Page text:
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Deby leads supporters in one-sided Chad election

May 3, 2006

By Pascal Fletcher

NDJAMENA (Reuters) – Chad’s President Idriss Deby led his
supporters to vote on Wednesday in a one-sided election
expected to keep him in power, brushing aside an opposition
boycott and a rebel threat of violence to disrupt the polls.

Despite a slow initial turnout at makeshift polling
stations set up on the dusty pavements of the capital
N’Djamena, former army chief Deby is almost certain of winning
a third five-year term because his four contenders are mostly
government allies.

His supporters present him as a guarantor of stability
against the spill over of conflict from the violence-torn
Darfur region of neighboring Sudan. Deby accuses the Sudanese
government of trying to overthrow him after an April 13 rebel
assault on N’Djamena launched from across the border.

But critics say his nearly 16-year rule has become
increasingly corrupt and dictatorial in the landlocked central
African state, since he seized power in a 1990 uprising.

Chad’s fragmented opposition is boycotting Wednesday’s poll
as a farce, following elections in 1996 and 2001 they say were
fraudulent in the former French colony.

“The essential thing is that we will have elections today,”
Deby said after voting, wearing a dark blue safari suit and
surrounded by presidential guards swathed in turbans. “This
proves the Chadian people is mature. There will be no boycott!”

The initial turnout, however, appeared low as voters
trickled to improvised polling stations. Most consisted of
little more than a table, benches, a plastic urn and a sheet
hung from a tree for a voting booth.

Fearing a fresh attack, some residents of the capital have
taken refuge across the river in nearby Cameroon in recent
days, but N’Djamena’s dusty, potholed streets remained quiet on
Wednesday. Security appeared to be light, although soldiers and
government officials were among the first to vote.

“We want peace and development for the country,” said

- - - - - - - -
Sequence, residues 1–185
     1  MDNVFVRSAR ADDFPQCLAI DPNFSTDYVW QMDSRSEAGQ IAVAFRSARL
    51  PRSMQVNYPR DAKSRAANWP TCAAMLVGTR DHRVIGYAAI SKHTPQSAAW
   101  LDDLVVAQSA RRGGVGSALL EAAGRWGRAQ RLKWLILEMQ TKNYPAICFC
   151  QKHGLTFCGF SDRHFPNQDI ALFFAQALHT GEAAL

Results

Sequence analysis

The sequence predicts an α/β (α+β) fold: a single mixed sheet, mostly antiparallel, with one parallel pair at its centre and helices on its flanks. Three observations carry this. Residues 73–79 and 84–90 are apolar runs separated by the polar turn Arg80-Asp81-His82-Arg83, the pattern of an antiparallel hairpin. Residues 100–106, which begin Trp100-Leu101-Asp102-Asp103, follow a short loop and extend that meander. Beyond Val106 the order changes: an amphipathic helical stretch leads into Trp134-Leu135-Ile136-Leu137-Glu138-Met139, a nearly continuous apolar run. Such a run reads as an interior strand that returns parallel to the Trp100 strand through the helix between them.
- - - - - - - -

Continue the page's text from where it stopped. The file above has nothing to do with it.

Zakaria Mary Mahamat Hassan, a 21-year-old student voting in
the central neighborhood of Djambal Barh.

“You shouldn’t do things by the gun, you should use the
ballot box,” Mahamat Hassan said, adding he had voted for the
president.

ON ALERT

Although Chad became an oil producer in 2003, it remains
one of Africa’s poorest and most corrupt countries. Most of its
10 million inhabitants live in squalid towns and villages with
scarce water and power, and only rudimentary health and
education facilities.

Deby’s army is on alert to thwart any threat from rebels
who raced in pickup trucks from the eastern border with Sudan
almost three weeks ago to raid N’Djamena, in the country’s far
west.

The attack was defeated by government troops helped by
intelligence passed on by a 1,200-strong French military
contingent stationed in Chad — which analysts say keeps the
military balance of power firmly in Deby’s favor.

French Mirage jets, which fired a warning shot at one rebel
column, fly daily reconnaissance missions over the arid country
twice the size of France.

“This election is under the protection of the French
Mirages,” one foreign ambassador, who asked not to be named,
said on Wednesday — pointing to the sky as French warplanes
roared over the capital.

Government ministers call the boycott “anti-democratic” and
say the rebel attempts to seize power by force are a recipe for
further chaos and bloodshed in a country plagued by ethnic
conflict and civil war since its independence in 1960.

“It’s them (the opposition) who will be electing Deby by
refusing to take part in the elections,” Foreign Minister Ahmat
Allam-Mi told Reuters.

The ruggedness of the country — which includes
wind-blasted mountains and deserts and dry, brush-covered
savannah — also makes holding an election a logistical
challenge.

Many of the 5.8 million voters will have to walk several
miles to cast their ballots and officials say official results
may take several days to be released.


Source: reuters



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